1. Shaw Exhibit Building
3. Amherst Rotary Pavilion
4. Lavocat House c.1840
The original section of this farmhouse, formerly located on New Road between Millersport Highway and Tonawanda Creek Road, was built with a technique known as nogging construction. With exterior walls comprised of layers of brick between wood framing, this technique provided strength and insulation. The home is used for weaving demonstrations during events.
5. Williamsville School #9 c.1880
This schoolhouse, originally located at New and Smith Roads, was used as a school until the early 1950s. It is an example of late 19th-century vernacular schoolhouse architecture with bonneted windows in the Italianate style. Over the entrance door is a rondel with remnants of the original lettering identifying the school. Except for the double desks in the front, the furnishings are not original to the school, although they are from the late 19th century.
6. Blacksmith Shop 1899 replica
The blacksmith provided one of the most important services in the community. He was able to make or repair nearly everything that was made of iron. While many blacksmith shops were larger, this replica shop is typical of the smaller, one-man smiths found on farms. Demonstrations are performed by members of the New York State Designer Blacksmith organization.
7. Elliott House c.1851
Built in 1851 at the corner of Garrison Road and Park Drive in Williamsville, this house was occupied by George W. Elliott, a “ploughmaker,” his wife, two daughters, and son until 1855, when it was sold to satisfy Elliott’s creditors. The re-created kitchen wing contains a replica 1850 cooking stove used for cooking demonstrations. Note the Greek Revival doorway with leaded glass sidelights.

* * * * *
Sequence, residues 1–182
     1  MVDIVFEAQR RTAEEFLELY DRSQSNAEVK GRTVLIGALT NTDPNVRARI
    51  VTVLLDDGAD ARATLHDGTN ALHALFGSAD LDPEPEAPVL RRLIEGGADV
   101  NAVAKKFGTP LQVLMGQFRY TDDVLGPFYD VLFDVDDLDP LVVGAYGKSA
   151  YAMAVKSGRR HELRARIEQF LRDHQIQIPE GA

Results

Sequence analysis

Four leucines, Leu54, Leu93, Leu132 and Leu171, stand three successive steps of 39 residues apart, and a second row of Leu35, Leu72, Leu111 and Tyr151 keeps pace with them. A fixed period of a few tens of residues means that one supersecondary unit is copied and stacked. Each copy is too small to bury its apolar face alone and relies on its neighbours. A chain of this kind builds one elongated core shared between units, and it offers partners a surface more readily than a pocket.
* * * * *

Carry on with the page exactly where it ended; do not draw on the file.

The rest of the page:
8. Barbershop c.1908
Originally located on Transit Road in Swormville, this building was constructed c.1890. It was used as a barbershop and photography studio by Frank Reikart from c.1900-1942. The exterior and interior paint colors match the original colors of the building. Note the fancy gingerbread facade and porch.
9. Sweethome Common School #15 c.1847
This small one-room schoolhouse was originally located on Sweet Home Road, near Tonawanda Creek Road. Built in 1847 for $125, it was used as a school until 1948. The furnishings are all reproductions, except for the “sand table” used to practice letters, and reflect the typical rural school before the Civil War. The Sweet Home Schoolhouse is sponsored by the Amherst Women’s Interclub Council.
10. Hoover House c.1875-1880
The Hoover House was originally constructed in 1835 and was located at the northwest intersection of Dodge and Glen Oaks Roads on a 125-acre farm, this house was owned by George Hoover from c.1854-1883. Hoover was a farmer and salesman and eventually started an insurance company known as Erie and Niagara Insurance Association. As was typical of many houses in Amherst, the original small structure was enlarged several times as the family grew and prospered. In addition to farming, Mr. Hoover successfully sold farm machinery from the office wing. This house is a fine example of Victorian vernacular Italianate architecture, with its bonneted windows, bracketing and porch details. The Hoover House is sponsored by Erie and Niagara Insurance Association.
11. Schmitt Log House c.1838